The Humble Sarvisberry

In Spring around here, everyone looks for that first peek of white in the woods. Newbies to the area always think it is the dogwood they see, but they are wrong.
The first white is the sarvisberry. Their fluffy white tufts of flowers on the bare limbs signal the beginning of spring.
The berries grow best in wet, shaded condition at the edge of woods or in open forest areas.

After a rough winter, or even a fairly mild one, we look with great eagerness for that first white showing in the woods. You look and look and then, one morning
you see it. A bare showing of white, maybe just a sliver. You blink and look again, and yep. It’s there. You know that spring is on its way.
The next day you pass the woods on your way to town, and there are clouds scattered in the woods.

The sarvisberry has arrived.

In the south we call them sarvisberry. I mean southern Missouri for sure. I never knew any other name for them until I looked them up and found they not only had other names,shadlow, shadbush, downy serviceberry, wild pear and Juneberry, but they could also be found at your local plant nursery. I had always seen them in the woods.
The berries come on after the blooms are gone and the green leaves are popping out. As the leaves grow, so do the berries.

They turn a deep red than purple as they ripen. If you want them, you need to be quick as the birds love them, too. And they have better access. The berries taste like blueberries and look a little like cranberries. Thay have an almost dry, grainy texture and a mild sweet flavor, which makes them perfect to put in a pie, eat them raw, makes juice of them and then jelly or jam.

The bushes grow from four feet for the uncommon running serviceberry to a maximum of 60 feet for the downy serviceberry.

The white clouds have appeared in the woods across from my house. Spring has sprung, and the dogwood will soon be seen.

Advertisements

6 thoughts on “The Humble Sarvisberry

  1. I love finding signs of spring. I’ve never seen a sarvisberry, not to my knowledge anyway. When we were in Tennessee a couple weeks ago, the redbud trees and forsythia were just starting to bud. I miss dogwood trees so much! Nice description… I could almost see the woods through your eyes.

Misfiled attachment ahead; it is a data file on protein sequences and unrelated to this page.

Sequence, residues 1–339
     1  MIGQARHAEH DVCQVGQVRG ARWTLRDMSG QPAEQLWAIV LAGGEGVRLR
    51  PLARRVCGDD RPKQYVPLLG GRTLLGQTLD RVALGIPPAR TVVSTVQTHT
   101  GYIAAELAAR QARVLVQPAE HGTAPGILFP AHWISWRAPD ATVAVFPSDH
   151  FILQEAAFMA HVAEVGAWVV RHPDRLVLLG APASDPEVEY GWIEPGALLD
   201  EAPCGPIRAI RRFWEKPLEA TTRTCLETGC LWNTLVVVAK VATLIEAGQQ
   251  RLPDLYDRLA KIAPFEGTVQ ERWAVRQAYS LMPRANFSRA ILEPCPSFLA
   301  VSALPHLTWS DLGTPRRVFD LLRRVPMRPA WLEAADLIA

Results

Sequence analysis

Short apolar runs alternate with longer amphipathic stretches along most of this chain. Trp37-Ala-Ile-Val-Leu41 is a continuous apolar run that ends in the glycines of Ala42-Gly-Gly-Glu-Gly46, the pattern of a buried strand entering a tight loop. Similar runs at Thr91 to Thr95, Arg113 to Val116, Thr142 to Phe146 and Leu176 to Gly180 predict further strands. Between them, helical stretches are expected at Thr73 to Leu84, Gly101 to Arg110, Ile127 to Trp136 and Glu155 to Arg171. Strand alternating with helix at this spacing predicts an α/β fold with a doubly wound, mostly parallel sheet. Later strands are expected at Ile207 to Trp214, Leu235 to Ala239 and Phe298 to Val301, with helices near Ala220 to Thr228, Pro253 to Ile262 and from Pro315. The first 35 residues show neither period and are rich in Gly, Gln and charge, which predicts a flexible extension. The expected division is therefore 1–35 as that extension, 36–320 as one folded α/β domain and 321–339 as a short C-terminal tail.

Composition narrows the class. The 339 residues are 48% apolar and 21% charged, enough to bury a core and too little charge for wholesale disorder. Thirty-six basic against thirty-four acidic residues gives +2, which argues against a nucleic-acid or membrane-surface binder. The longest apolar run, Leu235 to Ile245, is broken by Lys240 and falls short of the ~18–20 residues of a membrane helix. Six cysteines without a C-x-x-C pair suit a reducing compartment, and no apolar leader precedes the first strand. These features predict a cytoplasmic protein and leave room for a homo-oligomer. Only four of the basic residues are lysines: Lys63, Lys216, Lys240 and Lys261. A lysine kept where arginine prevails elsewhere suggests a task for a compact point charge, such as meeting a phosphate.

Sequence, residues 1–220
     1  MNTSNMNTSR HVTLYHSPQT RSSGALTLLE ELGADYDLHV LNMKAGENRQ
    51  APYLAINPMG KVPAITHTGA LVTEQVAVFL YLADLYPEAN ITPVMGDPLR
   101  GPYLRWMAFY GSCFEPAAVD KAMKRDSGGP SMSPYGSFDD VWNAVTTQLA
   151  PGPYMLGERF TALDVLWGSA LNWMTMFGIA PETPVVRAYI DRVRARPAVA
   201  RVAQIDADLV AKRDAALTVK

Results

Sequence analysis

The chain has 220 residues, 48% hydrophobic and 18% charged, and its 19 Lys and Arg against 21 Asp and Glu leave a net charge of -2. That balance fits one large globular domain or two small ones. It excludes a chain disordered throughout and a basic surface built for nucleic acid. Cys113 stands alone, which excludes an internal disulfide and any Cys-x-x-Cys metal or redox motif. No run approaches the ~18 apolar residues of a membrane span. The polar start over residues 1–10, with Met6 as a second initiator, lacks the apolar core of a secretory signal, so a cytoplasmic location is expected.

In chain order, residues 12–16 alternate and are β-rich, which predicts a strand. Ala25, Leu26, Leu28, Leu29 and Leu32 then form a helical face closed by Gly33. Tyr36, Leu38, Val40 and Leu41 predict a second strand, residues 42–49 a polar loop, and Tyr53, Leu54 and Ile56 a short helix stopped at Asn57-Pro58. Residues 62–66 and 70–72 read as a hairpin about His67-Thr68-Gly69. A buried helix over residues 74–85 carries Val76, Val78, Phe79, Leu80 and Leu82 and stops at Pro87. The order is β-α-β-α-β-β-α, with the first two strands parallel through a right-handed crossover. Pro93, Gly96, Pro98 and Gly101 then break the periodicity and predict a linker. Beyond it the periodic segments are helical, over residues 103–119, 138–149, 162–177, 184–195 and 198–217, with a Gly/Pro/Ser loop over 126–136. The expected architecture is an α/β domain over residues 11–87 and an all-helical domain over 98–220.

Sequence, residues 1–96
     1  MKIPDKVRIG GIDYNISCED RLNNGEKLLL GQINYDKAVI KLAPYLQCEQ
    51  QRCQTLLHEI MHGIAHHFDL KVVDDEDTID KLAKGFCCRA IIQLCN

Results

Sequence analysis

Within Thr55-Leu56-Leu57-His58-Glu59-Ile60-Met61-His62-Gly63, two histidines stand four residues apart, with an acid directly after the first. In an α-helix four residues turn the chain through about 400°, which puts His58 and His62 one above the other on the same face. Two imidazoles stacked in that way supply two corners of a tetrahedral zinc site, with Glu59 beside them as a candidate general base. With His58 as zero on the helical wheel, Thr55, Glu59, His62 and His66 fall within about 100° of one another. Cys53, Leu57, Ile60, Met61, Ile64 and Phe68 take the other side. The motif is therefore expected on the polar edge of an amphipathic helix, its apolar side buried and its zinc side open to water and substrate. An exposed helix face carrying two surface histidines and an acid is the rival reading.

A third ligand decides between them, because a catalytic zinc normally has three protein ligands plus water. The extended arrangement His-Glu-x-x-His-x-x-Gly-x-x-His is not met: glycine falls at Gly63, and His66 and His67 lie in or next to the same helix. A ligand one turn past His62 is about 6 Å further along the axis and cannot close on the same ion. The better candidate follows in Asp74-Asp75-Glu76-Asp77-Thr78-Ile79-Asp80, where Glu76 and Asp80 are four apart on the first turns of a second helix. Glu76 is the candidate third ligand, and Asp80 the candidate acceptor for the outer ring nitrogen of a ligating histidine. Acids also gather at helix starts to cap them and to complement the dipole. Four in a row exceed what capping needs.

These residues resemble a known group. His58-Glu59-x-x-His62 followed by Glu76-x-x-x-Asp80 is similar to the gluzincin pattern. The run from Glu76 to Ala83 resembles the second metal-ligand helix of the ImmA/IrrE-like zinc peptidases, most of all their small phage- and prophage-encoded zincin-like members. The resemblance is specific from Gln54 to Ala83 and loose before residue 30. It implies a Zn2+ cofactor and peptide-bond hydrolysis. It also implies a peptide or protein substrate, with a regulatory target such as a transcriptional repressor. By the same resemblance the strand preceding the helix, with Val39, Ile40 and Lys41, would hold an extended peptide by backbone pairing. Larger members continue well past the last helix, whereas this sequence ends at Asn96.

Liked by 1 person

  2. We have service berries, but I can’t bring myself to eat them. I leave them for my feathered friends, who allow me the opportunity to practice photography. You are so right though–when they finally bloom, spring is here. Alas, it will be a few weeks yet for us!

    Liked by 1 person

  3. “… there are clouds scattered in the woods.”

    How beautiful! Here in rainy western Oregon, the signs of spring are especially encouraging. One day the sun will come out, like the song says. We do become weary of cloudy skies.

    Thanks for sharing your precious signs of spring. We love to see winter flee.

    Liked by 1 person

  4. I had never heard of such a thing and was so excited, being a sucker for anything new I can learn. This piece was beautiful and reminded me of Wind in the Willows. I don’t know why, but probably because it was beautiful.

    Liked by 1 person

  5. Mmmmm…you had me at berry! I’m a sucker for berries, even for unfamiliar ones, which I would happily try at the behest of trustworthy friends. 🙂 Your descriptions are gorgeous. My favorite line: “The next day you pass the woods on your way to town, and there are clouds scattered in the woods.” Clouds scattered in the woods! Yes!

    Like

Leave a Reply

Fill in your details below or click an icon to log in:

WordPress.com Logo

You are commenting using your WordPress.com account. Log Out / Change )

Twitter picture

You are commenting using your Twitter account. Log Out / Change )

Facebook photo

You are commenting using your Facebook account. Log Out / Change )

Google+ photo

You are commenting using your Google+ account. Log Out / Change )

Connecting to %s